16 Step 2 Report the Intervals in the First Column In this Example, the Class Interval is 5 (i.e., 30,31,32,33,34, are in the first interval) Frequency Cumulative Frequency Percent Cumulative Percent

17 Step 3 Count the Number of Values in Each Interval and Report Them Under Frequency Frequency Cumulative Frequency Percent Cumulative Percent

18 Step 4 Count the Number in the Frequency Column and Report it in Cumulative Frequency Frequency Cumulative Frequency Percent Cumulative Percent

19 Step 5 Compute and Report the Percent for Each Frequency For Instance, the Frequency in Interval is 1, and 1 is 2% of the Total (50 cases) Frequency Cumulative Frequency Percent Cumulative Percent

20 Step 6 Compute and Report the Cumulative Percent (Similar to What was Done in Step 3 for Cumulative Frequency) Frequency Cumulative Frequency Percent Cumulative Percent

21 This Histogram can Then be Constructed BINS are constructed. Each bin is the width of the corresponding interval from the table. The first bin should start with the lowest interval, and the last bin should start with the highest interval (i.e., ).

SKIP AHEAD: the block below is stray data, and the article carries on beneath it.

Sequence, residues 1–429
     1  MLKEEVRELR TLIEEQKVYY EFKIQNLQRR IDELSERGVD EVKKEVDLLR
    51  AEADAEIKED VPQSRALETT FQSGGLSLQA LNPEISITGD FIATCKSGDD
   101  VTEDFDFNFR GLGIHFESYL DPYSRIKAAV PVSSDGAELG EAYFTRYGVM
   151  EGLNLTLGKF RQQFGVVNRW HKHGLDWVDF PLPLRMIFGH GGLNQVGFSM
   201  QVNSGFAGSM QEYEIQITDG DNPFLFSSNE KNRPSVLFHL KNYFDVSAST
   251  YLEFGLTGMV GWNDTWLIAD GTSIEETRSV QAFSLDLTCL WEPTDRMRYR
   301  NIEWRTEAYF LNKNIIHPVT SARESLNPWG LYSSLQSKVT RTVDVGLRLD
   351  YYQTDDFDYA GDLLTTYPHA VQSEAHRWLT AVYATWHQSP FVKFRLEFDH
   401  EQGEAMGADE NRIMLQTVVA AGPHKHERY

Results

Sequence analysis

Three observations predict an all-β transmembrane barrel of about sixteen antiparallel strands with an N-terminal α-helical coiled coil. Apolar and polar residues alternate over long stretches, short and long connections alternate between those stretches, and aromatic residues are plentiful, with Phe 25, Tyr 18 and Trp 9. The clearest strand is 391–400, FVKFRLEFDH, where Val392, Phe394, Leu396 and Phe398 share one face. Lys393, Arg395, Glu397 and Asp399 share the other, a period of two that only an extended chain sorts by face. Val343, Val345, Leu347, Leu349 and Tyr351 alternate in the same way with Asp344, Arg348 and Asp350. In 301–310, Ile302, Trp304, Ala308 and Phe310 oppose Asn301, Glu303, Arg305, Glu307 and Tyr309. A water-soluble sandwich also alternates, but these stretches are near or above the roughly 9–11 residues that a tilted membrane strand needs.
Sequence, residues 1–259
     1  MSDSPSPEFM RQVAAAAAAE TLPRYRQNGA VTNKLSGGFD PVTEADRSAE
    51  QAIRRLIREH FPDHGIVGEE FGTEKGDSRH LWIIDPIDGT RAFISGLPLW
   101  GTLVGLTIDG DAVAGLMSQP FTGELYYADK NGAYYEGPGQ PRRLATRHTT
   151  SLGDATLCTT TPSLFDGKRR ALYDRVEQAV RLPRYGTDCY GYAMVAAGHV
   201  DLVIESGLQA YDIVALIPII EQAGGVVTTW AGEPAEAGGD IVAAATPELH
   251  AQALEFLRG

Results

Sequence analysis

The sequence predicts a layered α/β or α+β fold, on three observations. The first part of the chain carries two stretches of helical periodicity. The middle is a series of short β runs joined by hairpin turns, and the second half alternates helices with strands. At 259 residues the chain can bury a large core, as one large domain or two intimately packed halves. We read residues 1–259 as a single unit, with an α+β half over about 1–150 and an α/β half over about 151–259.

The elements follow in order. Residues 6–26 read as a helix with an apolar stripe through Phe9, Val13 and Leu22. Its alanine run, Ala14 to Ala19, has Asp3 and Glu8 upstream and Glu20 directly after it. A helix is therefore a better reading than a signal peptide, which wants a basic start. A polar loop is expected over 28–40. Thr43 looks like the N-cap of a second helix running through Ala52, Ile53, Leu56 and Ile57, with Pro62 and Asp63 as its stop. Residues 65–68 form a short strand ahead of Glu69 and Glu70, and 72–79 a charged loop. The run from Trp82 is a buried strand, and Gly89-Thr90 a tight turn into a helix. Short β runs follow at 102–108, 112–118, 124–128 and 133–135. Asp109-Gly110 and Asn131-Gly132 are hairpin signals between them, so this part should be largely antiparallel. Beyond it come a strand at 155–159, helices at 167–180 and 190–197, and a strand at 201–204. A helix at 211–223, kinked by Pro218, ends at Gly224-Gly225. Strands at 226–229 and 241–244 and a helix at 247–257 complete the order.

22 This Histogram can Then be Constructed Frequency

23

24 Using the Same Data Set, You Can Construct a Cumulative Graph

25 Frequency Cumulative Frequency Percent Cumulative Percent The Table you have Constructed can be used to Construct a Cumulative Graph.

26 Cumulative Percent Use the Cumulative Percent to Construct the Graph Plot the cumulative percent at the midpoint of each interval. For instance, for the first interval (30-34), you would plot a 2 at the midpoint or middle of this interval. Do the same for each interval, and then connect the plot points. Cumulative Graph

27 Cumulative Frequency Cumulative Graph 1 3 OR you could Use the Cumulative Frequency

28 Cumulative Graph To predict percent and/or value, you simply use the cumulative graph line. You draw a straight line from the value/percent to the graph line, and then a straight line to the corresponding percent/value. (1) Determine percent that corresponds to a value of 75. In this instance, a score of 75 is in the 58 percentile. (2) Determine the score of a certain percent. The 75 th percent corresponds to an approximate score of 80. The Cumulative Graph can be used to predict the approximate percentile for any value, and the approximate value for any percentile

29 You can also use a cumulative graph to determine if your data have an approximately normal distribution. The graph in the upper left hand corner corresponds to a bell-shaped, or normal distribution.

30 The cumulative graphs at the top are negatively and positively skewed. The correspond to a negatively or positively skewed histogram as shown directly below them.

31 Questions or Comments, Contact: Dr. Carol Albrecht Assessment Specialist USU Ext (979)